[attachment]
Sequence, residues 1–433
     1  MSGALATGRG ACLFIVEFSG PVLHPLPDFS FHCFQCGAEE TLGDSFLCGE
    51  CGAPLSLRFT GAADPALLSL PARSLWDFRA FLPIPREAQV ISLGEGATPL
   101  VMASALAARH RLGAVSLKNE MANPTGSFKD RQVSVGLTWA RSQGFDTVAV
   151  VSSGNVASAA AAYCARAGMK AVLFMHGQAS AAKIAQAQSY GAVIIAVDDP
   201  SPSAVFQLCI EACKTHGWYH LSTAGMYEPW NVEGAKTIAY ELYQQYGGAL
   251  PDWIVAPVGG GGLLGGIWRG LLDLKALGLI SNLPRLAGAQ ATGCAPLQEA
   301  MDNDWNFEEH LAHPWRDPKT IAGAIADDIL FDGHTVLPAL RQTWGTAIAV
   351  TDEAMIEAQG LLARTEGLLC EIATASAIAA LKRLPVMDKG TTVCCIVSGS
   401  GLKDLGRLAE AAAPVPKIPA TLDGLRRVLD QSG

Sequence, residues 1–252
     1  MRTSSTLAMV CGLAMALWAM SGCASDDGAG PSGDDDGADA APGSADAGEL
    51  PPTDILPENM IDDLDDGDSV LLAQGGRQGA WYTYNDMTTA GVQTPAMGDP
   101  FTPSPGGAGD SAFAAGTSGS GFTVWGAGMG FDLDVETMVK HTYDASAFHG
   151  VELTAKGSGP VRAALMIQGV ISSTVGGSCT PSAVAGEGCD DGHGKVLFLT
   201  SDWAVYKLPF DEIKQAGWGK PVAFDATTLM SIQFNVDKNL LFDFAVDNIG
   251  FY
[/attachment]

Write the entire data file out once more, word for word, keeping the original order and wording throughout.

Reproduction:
Sequence, residues 1–433
     1  MSGALATGRG ACLFIVEFSG PVLHPLPDFS FHCFQCGAEE TLGDSFLCGE
    51  CGAPLSLRFT GAADPALLSL PARSLWDFRA FLPIPREAQV ISLGEGATPL
   101  VMASALAARH RLGAVSLKNE MANPTGSFKD RQVSVGLTWA RSQGFDTVAV
   151  VSSGNVASAA AAYCARAGMK AVLFMHGQAS AAKIAQAQSY GAVIIAVDDP
   201  SPSAVFQLCI EACKTHGWYH LSTAGMYEPW NVEGAKTIAY ELYQQYGGAL
   251  PDWIVAPVGG GGLLGGIWRG LLDLKALGLI SNLPRLAGAQ ATGCAPLQEA
   301  MDNDWNFEEH LAHPWRDPKT IAGAIADDIL FDGHTVLPAL RQTWGTAIAV
   351  TDEAMIEAQG LLARTEGLLC EIATASAIAA LKRLPVMDKG TTVCCIVSGS
   401  GLKDLGRLAE AAAPVPKIPA TLDGLRRVLD QSG

Sequence, residues 1–252
     1  MRTSSTLAMV CGLAMALWAM SGCASDDGAG PSGDDDGADA APGSADAGEL
    51  PPTDILPENM IDDLDDGDSV LLAQGGRQGA WYTYNDMTTA GVQTPAMGDP
   101  FTPSPGGAGD SAFAAGTSGS GFTVWGAGMG FDLDVETMVK HTYDASAFHG
   151  VELTAKGSGP VRAALMIQGV ISSTVGGSCT PSAVAGEGCD DGHGKVLFLT
   201  SDWAVYKLPF DEIKQAGWGK PVAFDATTLM SIQFNVDKNL LFDFAVDNIG
   251  FY